Cirrhosis and Liver Failure
Prophylactic anticoagulation for venous thromboembolism in hospitalized cirrhosis patients is not associated with high rates of gastrointestinal bleeding
Hospitalized patients with cirrhosis are at risk to develop venous thromboembolism. Although current guidelines support the routine administration of thromboprophylaxis to hospitalized patients, there is limited data regarding the safety or efficacy of this practice in hospitalized cirrhosis patients.
We aimed to determine if administration of thromboprophylaxis was associated with increased complication rates for hospitalized cirrhosis patients.
Data were collected on patients admitted to the University of Virginia between 2007 and 2010. Study personnel systematically collected data on complications, including gastrointestinal bleed, venous thromboembolism and death directly from the medical record.
A total of 235 patients (accounting for 355 discrete hospitalizations in which thromboprophylaxis was administered) met inclusion criteria accounting for 1660 person-days of thromboprophylaxis administered to patients. The mean age at admission was 58 (95% CI 57.1–59.2) years and 217 (61%) were male patients. The mean admission model for end-stage liver disease (MELD) score was 16.2 (95% CI 15.5–16.9). The mean hospital length of stay was 6.5 (95% CI 5.9–7.4) days. In patients who received thromboprophylaxis, the mean treatment length was 4.7 days (95% CI 4.2–5.2). There were nine gastrointestinal bleeding events (2.5% of admissions), five venous thromboembolisms (1.4% of admissions), two cases of heparin-induced thrombocytopenia (0.5% of admissions) and 14 deaths overall (3.9% of admissions).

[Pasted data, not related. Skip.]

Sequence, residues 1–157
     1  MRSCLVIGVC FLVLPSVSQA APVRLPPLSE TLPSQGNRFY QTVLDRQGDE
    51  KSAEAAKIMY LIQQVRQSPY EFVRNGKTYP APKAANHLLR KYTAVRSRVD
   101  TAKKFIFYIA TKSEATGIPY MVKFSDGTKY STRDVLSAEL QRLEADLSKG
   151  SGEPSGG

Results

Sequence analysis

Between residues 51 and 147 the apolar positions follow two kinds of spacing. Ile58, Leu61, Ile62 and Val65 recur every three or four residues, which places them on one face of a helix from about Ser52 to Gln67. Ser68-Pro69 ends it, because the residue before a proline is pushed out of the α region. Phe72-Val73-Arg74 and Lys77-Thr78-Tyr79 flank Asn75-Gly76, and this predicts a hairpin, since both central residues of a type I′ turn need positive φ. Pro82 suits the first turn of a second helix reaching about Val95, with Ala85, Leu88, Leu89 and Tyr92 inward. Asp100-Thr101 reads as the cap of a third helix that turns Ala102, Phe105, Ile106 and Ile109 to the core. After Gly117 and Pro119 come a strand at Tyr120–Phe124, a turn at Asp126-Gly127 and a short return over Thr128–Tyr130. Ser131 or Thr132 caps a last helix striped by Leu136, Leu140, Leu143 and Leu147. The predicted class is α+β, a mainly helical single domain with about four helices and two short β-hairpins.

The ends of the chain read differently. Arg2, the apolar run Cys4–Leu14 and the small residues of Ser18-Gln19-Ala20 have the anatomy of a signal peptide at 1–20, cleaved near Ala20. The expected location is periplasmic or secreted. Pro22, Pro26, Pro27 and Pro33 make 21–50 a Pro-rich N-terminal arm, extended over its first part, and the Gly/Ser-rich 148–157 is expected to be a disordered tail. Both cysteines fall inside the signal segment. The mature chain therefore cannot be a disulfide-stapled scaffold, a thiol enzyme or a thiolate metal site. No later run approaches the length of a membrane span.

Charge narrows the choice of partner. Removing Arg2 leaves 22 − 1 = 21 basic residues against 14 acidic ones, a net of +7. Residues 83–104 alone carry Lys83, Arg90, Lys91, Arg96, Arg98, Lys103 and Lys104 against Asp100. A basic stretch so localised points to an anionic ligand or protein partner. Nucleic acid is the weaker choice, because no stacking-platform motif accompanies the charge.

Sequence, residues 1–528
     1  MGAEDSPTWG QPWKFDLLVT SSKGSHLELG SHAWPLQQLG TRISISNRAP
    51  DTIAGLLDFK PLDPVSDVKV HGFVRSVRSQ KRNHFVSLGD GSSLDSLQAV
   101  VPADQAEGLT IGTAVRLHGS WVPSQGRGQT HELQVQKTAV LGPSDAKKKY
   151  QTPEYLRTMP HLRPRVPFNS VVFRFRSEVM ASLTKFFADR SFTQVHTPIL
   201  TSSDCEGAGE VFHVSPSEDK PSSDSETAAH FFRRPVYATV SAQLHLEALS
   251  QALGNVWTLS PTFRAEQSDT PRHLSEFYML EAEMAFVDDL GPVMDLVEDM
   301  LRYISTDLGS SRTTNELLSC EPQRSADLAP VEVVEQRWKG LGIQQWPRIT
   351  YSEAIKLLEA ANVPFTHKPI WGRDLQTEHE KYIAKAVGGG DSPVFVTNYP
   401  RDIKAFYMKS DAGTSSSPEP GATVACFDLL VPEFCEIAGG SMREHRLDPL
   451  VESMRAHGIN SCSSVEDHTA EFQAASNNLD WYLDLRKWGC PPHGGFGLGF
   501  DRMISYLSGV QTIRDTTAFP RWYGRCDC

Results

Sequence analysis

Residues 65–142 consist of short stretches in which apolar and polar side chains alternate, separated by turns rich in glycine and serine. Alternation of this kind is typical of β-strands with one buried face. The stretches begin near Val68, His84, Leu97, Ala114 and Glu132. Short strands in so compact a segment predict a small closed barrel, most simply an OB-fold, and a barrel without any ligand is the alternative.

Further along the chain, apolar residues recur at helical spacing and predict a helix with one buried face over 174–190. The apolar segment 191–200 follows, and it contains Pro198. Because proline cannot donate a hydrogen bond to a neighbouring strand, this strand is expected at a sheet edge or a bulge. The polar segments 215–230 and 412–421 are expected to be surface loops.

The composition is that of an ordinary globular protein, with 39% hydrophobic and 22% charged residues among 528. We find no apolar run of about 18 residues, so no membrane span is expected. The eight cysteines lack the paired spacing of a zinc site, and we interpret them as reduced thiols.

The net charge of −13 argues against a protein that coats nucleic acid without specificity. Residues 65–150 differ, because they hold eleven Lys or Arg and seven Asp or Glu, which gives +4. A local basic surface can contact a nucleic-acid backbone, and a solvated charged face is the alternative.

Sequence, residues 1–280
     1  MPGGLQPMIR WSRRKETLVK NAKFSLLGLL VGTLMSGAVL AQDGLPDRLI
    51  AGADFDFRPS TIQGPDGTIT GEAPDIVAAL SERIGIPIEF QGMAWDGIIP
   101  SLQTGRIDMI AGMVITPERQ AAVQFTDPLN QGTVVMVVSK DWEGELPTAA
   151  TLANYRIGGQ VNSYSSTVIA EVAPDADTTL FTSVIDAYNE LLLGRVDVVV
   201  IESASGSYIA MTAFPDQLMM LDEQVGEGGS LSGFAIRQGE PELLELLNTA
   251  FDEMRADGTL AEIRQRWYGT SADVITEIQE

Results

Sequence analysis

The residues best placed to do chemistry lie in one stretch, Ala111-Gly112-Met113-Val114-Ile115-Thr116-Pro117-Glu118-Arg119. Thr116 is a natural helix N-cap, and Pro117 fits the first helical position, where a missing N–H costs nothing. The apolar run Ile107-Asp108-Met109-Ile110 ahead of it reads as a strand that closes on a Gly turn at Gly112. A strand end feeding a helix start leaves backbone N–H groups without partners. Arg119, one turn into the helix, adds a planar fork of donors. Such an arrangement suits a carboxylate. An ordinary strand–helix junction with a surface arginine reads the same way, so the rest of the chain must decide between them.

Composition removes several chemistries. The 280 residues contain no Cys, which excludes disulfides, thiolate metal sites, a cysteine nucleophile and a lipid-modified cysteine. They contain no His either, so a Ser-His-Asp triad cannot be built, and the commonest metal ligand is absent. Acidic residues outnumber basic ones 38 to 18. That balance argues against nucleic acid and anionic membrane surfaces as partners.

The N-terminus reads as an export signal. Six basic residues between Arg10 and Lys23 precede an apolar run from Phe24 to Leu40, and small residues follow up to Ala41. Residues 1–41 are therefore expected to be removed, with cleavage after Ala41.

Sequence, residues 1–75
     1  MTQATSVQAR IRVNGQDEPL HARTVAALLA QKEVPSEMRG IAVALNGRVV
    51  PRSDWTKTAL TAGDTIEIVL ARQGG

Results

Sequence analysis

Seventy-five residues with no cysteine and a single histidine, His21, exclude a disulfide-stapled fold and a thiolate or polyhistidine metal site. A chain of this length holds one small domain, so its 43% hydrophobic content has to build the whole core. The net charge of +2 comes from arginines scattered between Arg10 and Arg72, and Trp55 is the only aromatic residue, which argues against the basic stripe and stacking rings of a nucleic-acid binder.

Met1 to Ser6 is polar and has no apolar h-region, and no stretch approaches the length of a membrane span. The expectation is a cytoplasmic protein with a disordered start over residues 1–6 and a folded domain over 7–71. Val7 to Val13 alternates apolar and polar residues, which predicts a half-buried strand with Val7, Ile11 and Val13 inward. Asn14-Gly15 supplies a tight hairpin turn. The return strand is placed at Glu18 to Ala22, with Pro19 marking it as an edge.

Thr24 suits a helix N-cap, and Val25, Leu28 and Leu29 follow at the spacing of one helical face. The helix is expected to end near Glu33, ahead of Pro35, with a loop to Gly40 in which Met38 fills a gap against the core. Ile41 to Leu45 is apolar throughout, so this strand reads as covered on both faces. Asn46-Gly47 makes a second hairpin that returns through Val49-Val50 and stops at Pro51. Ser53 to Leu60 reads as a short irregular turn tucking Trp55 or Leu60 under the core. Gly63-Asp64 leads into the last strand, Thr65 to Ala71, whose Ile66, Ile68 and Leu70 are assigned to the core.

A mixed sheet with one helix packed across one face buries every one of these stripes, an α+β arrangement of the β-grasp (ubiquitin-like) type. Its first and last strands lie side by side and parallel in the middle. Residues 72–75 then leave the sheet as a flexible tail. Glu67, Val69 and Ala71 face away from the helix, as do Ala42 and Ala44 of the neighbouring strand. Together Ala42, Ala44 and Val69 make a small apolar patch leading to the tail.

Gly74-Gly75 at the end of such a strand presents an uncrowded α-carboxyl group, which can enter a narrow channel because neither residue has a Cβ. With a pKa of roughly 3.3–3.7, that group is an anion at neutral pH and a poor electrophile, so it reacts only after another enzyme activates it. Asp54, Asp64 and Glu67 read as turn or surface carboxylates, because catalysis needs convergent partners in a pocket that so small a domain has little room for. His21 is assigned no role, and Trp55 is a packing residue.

The use of thromboprophylaxis in hospitalized cirrhosis patients is not associated with high rates of gastrointestinal bleeding or death.